Clockwise from top: Yellow onion, leek, green onions, shallots

A kitchen staple, onions belong to a large family, that includes yellow, white and red onions, scallions (green onions), pearl onions, shallots and leeks. Each type has a slightly different flavour when it comes to sweetness, but they all have one thing in common....cutting onions makes your eyes water!

Everyone has a sure fire way to stop your eyes watering, but I've not had much success with any of them. Things like burning a candle, having a fan to blow away the gas, chewing gum....even wearing goggles. I find that cutting onions last, then removing and washing the cutting board and my hands at least minimizes the exposure to the gas.

The yellow onion is probably the most used and known. When a recipe refers to 'onion' this is usually what it is calling for, and what comes first to mind. The safest way to cut an onion is to remove the papery outer skin with your fingers, then holding the onion firmly and forming a bridge for the knife, cut it in half through the root base. You can then lie the two halves flat on the cutting board, cut off the stem end, remove the outside layers and cut your onion.

I've included a link to a Jamie Oliver demo on how to cut an onion. He is using a red onion, but the process is the same for yellow and white onions. Practice and a really sharp knife will help get you to his speed and efficiency!

To cut scallions, trim off any dry ends from the green part, remove the root core and then cut across, width dependent on your recipe. Scallions are often thinly sliced, but longer sections (or sections cut on the diagonal) can also be called for.

To cut a leek, the process is basically the same as a scallion, but leeks tend to hide dirt in between the layers. The leek can be sliced as is (circles), or cut lengthwise into halves or quarters before slicing across. This will give you a diced leek. I then like to place the cut leek into a strainer and run under cold water, separating the pieces with my fingers to clean out any dirt. Drain well before cooking.

Pearl onions are not usually cut, they are used whole in stews or casseroles. To peel them easily, bring a pot of salted water to a boil.  Blanch the onions for about 30 seconds, then strain and put into a bowl of ice water. The skins will slip off with a gentle squeeze at the stem end. You can also find peeled pearl onions in the freezer section of some grocery stores.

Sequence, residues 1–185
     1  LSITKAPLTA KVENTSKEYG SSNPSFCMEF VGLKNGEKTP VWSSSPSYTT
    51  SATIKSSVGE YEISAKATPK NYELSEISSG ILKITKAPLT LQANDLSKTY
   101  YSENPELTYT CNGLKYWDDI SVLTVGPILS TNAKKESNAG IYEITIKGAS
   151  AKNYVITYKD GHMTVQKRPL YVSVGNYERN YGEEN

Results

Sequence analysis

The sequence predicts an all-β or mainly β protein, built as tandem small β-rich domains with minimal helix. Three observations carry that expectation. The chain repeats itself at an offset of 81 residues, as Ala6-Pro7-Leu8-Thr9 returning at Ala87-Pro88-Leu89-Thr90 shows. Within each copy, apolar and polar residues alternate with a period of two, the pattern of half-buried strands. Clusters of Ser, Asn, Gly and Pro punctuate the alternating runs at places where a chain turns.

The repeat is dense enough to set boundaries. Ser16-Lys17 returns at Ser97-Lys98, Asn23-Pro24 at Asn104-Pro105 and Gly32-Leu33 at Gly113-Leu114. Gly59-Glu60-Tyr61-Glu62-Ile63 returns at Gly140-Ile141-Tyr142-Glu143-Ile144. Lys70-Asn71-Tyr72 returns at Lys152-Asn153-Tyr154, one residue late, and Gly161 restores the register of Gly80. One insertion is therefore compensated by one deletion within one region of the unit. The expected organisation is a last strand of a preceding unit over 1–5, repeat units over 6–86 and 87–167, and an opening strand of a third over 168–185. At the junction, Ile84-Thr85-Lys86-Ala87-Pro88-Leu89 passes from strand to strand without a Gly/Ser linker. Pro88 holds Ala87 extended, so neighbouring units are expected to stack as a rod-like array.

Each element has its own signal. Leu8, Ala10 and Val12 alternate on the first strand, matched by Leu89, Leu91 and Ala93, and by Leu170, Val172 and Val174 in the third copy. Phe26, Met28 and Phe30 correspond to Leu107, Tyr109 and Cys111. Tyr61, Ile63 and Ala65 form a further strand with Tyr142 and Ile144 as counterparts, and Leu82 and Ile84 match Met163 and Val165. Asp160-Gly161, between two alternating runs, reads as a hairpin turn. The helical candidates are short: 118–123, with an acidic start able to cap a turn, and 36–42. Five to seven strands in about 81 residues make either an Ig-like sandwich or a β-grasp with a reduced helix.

Shallots follow the same procedure as yellow onions.

Green onions and leeks should be stored in the refrigerator, the others in a cool, dry, dark place.

Onions have many uses, often being the base of a sauce, soup or stew. Red onions and scallions have a slightly milder taste, and work well raw in salads or salsas. Below is a list of some of the many ways I like to use onions when cooking:

  • thinly sliced and caramelized by cooking over a med-low heat with olive oil, they brighten up a homemade pizza, complimented with blue cheese.
  • thickly sliced rounds, lightly drizzled with olive oil and grilled.
  • caramelized onions are great on a burger, or mixed into a homemade bread dough with chopped fresh rosemary.
  • shallots roasted whole, with salt and pepper, olive oil and fresh thyme, drizzled with honey for the last 10 minutes of cooking.
  • yellow, white or red onions can be stuffed and baked if you scoop out the centre layers after removing the top.
  • minced red or green onion brighten up salsa. Try adding fresh mango, diced sweet red pepper and cilantro for a tasty accompaniment for grilled fish.
  • pearl onions can be added to stews, but can also be roasted with olive oil and maple syrup.
  • try using diced leeks instead of onion for a pasta sauce.
  • finely slice leeks and combine with grated zucchini and potato, an egg and flour to bind, and cook in a heated non-stick pan to make a pancake.
  • green onions cut in the diagonal into 1" sections added to stirfry.
  • minced shallots added to a salad dressing
  • minced green onions with diced apple in tuna salad
  • roasted shallots in cannelloni, with ricotta cheese, spinach, goat cheese and fresh basil.
 These are just a few ideas, the options are endless. So reach for part of the onion family and start experimenting!

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